The Guardian notes that 2000ad turned forty on Sunday.
It’s not, strictly, correct to say the world had seen nothing like 2000AD before. A few months earlier, in October 1976, a title put out by the same publishers, IPC, had died an ignominious death. Action was stuffed to the gills with anti-authoritarianism, ultraviolence and gore. Hugely popular with kids, especially boys, it proved too unpalatable for the nation’s moral guardians. Questions were asked in the House, tabloids fulminated against its bloody violence.
“I felt, in a way, that science fiction could escape the heavy flak we had got with Action,” says Mills, who now lives in Spain. “With Action, the message was loud and clear because most of it was set in what was the present time. With 2000AD, we could do the same sort of thing but if anyone complained we could say, ‘Look, it’s just some robots in the future.'”
That’s Pat Mills, the writer/editor who created Action, and the first editor of 2000ad.
Although I grew up with 2000ad — and continued reading it way too far into my 20s — I can’t claim to have been there at the beginning. For me, it all started in 1978 with Starlord, a sister title which merged with 2000ad by the end of the year. This merger brought both Strontium Dog and Ro-Busters (which later morphed into the ABC Warriors) into the merged title which went from strength to strength.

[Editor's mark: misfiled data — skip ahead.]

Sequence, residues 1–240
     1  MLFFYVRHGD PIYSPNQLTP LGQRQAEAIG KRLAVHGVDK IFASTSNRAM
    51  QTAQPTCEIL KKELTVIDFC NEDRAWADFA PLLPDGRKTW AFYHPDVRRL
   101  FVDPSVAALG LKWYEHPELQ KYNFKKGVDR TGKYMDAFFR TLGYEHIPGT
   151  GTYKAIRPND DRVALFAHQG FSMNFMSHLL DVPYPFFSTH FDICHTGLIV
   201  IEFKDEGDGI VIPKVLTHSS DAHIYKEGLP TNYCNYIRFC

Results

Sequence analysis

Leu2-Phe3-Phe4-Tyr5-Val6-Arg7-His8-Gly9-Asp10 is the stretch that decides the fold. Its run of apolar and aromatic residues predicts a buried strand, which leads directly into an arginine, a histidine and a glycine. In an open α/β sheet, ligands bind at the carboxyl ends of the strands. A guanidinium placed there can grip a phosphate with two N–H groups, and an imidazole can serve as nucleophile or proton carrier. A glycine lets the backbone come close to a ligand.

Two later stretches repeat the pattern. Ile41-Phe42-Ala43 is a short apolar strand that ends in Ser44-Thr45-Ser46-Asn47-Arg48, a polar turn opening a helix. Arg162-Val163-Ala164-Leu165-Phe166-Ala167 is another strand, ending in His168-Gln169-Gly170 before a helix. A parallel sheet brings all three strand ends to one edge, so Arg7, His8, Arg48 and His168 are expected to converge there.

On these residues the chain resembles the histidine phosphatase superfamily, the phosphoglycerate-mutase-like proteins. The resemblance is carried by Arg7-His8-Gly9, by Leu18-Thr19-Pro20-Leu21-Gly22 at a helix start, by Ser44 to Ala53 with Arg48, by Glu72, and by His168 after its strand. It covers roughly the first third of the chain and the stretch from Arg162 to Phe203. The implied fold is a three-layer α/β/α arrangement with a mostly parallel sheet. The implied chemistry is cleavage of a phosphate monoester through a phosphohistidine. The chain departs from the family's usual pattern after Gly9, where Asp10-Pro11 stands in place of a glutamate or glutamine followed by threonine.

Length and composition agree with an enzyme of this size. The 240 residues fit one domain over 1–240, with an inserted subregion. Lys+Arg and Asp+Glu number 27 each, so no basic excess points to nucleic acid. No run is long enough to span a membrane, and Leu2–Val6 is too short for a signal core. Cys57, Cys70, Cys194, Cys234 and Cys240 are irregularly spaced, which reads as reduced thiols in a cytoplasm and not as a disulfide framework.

What made 2000ad so durable is that the stories tend to work on several levels. There is, of course, plenty of violence and plenty of action; but there is also a depth and a moral complexity to the stories and it is this that keeps them fresh and interesting long after the initial thrills have worn thin.
In 2002, [Matt] Smith was appointed the ninth editor and is currently the longest-serving incarnation of Tharg the Mighty, as well as the one to see the comic reach its milestone birthday.
“It’s a great achievement,” says Smith, “and one that is testament to the creative teams who have worked on the comic over the years.”
And long may it continue.